Dr G Yunupingu @ Fremantle Park (17/4/2011), By Stuart Sevastos, using CC BY 2.0 (Wikimedia Commons)

Unfortunately we’ve missed West Wind on the cinema circuit, and it’s not available on DVD until later this year, but Gurrumul is still screening. So another time-filling activity for us in Melbourne was to see it at the Cinema Nova in Carlton. For those of you who don’t know, the film is about the recently deceased indigenous Australian musician, Dr G Yunipingu (the name used for him since his death in respect of indigenous Australian funerary practices. Permission was given, by Yunipingu himself the film says, for the film to be released, despite another indigenous practice of not showing images of deceased persons for some time after their deaths.)

Dr G Yunupingu was born on Elcho Island, in Arnhem Land, and was discovered early in his life to be blind. He taught himself to play music, and was clearly gifted – though it was his voice (“the voice of an angel” some said) that really captured attention. He wrote his own songs, which he sang mostly in language. The film chronicles, primarily, his musical life, but given his close connection to his culture, that couldn’t be done without reference to his family and culture.

It’s a traditional documentary, style-wise, but it’s the content, the subject himself, that makes this such a moving film. I was quite wrung out by the end – and not only because it had been an emotional couple of weeks leading up to it. One of the issues underpinning the film is an age-old story for indigenous people – the challenge of moving between two opposing cultures. It was a challenge that brought indigenous artist, Albert Namatjira, undone in the end. Dr G Yunupingu managed it better overall – partly because of his own sense of self and strong attachment to his country and culture, but partly also because his non-indigenous mentors had learnt from history and were respectful of Yunupingu’s wishes. This doesn’t mean that there weren’t tense times! The film will, I’m sure, enhance our Arnhem Land trip – but it’s worth seeing regardless.

Tourmaline (The Street Theatre)

Randolph Stow, TourmalineAnd, well, this last stop in today’s post is exciting too – but disappointing also, as I will be missing it. Yes, I am concluding this post by discussing something that not only have I not seen, but won’t be seeing either. I have a very good reason though for this strange behaviour, and it’s that the production, an adaptation of Randolph Stow’s novel Tourmaline, was written by Emma Gibson, one of the bloggers I mentored in last year’s Litbloggers of the Future program. Emma, in fact, wrote a guest post for this blog on Stow and the novel.

It is part of a double bill of adaptations of sci-fi-futuristic texts, the other being HG Wells’ War of the worlds. In her guest post, Emma said that the book has been described as an “ecological allegory”. This would slot nicely into Emma’s main interest, at present anyhow, which is writing about place. According to the promotions, the adaptations are made for radio – which is great to see in itself – but are being performed on stage at the Street Theatre. I am so sorry that I will be missing it – but I wish playwright Emma, and The Street, the best success with it.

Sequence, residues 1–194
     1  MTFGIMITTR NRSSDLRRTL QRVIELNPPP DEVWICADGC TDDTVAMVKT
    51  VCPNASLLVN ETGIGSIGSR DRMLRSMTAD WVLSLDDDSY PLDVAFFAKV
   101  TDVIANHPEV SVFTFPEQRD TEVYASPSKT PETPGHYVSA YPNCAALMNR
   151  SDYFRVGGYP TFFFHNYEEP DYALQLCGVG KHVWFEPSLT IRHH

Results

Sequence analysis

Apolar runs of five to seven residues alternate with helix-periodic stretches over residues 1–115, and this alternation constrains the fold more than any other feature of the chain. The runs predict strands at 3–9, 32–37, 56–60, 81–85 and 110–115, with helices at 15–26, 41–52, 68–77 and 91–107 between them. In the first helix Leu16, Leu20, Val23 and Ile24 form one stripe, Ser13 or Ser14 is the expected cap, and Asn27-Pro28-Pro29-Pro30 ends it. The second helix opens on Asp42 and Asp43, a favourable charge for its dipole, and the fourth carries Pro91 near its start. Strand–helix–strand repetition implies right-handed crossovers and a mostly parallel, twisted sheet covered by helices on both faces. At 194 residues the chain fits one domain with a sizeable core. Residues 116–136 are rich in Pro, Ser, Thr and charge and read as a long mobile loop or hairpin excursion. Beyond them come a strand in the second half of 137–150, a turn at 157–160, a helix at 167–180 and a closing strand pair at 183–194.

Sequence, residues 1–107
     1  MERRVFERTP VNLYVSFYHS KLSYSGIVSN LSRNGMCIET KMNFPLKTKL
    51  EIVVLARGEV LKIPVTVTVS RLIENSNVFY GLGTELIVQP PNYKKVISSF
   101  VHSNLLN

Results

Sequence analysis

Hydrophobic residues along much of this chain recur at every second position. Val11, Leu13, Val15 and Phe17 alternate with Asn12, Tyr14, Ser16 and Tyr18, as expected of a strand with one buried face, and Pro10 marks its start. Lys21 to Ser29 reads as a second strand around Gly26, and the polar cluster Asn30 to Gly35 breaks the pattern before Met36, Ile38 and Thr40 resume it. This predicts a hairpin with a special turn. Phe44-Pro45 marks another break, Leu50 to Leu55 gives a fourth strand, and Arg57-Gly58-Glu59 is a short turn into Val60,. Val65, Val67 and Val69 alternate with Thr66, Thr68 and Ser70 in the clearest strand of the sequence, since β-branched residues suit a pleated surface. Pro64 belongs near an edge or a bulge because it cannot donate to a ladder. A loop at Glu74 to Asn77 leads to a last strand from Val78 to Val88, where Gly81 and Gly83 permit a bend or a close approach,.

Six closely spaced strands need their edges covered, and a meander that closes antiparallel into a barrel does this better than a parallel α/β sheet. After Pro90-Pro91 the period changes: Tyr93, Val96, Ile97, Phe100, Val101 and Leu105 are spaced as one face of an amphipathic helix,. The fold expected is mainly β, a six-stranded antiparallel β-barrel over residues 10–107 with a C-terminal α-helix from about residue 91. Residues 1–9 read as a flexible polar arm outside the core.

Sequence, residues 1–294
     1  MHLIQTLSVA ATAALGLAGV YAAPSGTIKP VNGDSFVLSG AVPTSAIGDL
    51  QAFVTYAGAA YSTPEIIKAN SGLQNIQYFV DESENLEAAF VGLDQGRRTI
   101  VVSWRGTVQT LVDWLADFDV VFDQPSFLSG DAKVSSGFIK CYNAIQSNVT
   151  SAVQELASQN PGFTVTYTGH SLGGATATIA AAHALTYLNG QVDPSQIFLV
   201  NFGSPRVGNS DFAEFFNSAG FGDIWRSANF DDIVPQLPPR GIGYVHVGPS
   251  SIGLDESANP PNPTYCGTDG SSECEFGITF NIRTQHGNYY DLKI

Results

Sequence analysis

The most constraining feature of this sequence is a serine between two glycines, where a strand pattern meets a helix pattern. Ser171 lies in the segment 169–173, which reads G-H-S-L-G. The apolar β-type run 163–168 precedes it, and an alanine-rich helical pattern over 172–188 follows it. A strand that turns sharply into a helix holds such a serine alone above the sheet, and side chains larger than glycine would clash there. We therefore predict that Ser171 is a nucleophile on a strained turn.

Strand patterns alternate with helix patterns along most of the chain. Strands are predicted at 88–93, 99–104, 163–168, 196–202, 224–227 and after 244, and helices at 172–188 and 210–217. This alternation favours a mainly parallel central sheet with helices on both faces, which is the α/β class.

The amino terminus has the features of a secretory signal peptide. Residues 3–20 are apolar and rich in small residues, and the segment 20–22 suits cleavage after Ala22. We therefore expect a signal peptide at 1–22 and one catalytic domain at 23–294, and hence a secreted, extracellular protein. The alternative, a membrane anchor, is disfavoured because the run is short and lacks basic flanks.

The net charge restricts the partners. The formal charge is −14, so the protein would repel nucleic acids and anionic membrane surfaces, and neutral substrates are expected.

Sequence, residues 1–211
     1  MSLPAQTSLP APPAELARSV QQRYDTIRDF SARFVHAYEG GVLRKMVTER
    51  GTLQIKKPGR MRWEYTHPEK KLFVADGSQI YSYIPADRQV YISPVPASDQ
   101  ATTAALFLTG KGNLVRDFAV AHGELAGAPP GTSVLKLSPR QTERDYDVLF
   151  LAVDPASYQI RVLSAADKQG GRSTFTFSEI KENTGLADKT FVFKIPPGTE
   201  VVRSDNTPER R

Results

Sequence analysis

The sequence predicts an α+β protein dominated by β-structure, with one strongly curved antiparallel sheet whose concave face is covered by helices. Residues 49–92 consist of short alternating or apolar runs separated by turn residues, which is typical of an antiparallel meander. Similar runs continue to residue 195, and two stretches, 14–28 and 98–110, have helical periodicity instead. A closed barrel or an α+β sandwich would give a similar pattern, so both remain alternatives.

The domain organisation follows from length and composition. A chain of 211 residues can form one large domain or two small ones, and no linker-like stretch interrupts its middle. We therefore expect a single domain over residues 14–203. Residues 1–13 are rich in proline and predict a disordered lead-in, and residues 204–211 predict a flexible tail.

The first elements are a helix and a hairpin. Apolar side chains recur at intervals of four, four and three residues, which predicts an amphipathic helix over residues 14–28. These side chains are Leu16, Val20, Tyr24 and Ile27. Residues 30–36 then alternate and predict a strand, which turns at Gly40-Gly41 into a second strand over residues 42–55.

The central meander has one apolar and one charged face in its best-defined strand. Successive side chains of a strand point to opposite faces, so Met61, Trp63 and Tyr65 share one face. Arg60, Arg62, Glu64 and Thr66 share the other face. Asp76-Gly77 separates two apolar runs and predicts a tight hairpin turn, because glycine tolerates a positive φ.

Do you have any cultural outings to share?

Randolph Stow, The merry-go-round in the sea (#BookReview)

Randolph Stow, The merry-go-round in the seaRandolph Stow is a writer I’ve been meaning to read for the longest time – since, would you believe, the 1970s? Embarrassing, really, given his significance. My plan had always been to read his Miles Franklin award-winning novel To the islands first. However, the first I actually bought was The merry-go-round in the sea – back in 2009 when it was re-released as a $10 Penguin classic. It’s taken me until now to read it – and I read it with my reading group, which made it an extra special experience.

BEWARE SPOILERS, albeit this is a classic with minimal plot so, you know …

The merry-go-round in the sea was Stow’s fourth novel, published in 1965 when he was 30 years old. It has a strong autobiographical basis, but is, by definition, fiction. It is essentially a coming-of-age story about a young Western Australian boy, Rob, who, like Stow, was born in Geraldton in 1935. It covers eight years of his life from 1941, when his favourite cousin, the 21-year-old Rick, leaves to fight in World War 2, to 1949, when Rob is 14-years-old and the now-returned Rick is about to leave again, this time to live in London. The plot is not a particularly dramatic one, but rather a lot happens nonetheless.

It all starts in 1941 with Rob and his family moving (“evacuating” is the strange word his mother uses) to a family station in the country, due to fears of Japanese invasion. There Rob enjoys the life of a “bush kid” and is unhappy to find, upon his return to town, that he is really a “townie”. Meanwhile, Rick is at war, ending up a POW on the Thai-Burma railway. His experience is told in three or four brief but vivid digressions from the narrative’s main focus on Rob’s life. We are told enough to prepare us for a changed Rick on his return. In the second part of the novel, the focus is on Rob’s growing up, on his gradual loss of childish innocence, and on Rick’s struggles to come to terms with his life after his experience of war. Nothing is the same for Rick, and Rob worries about his idol.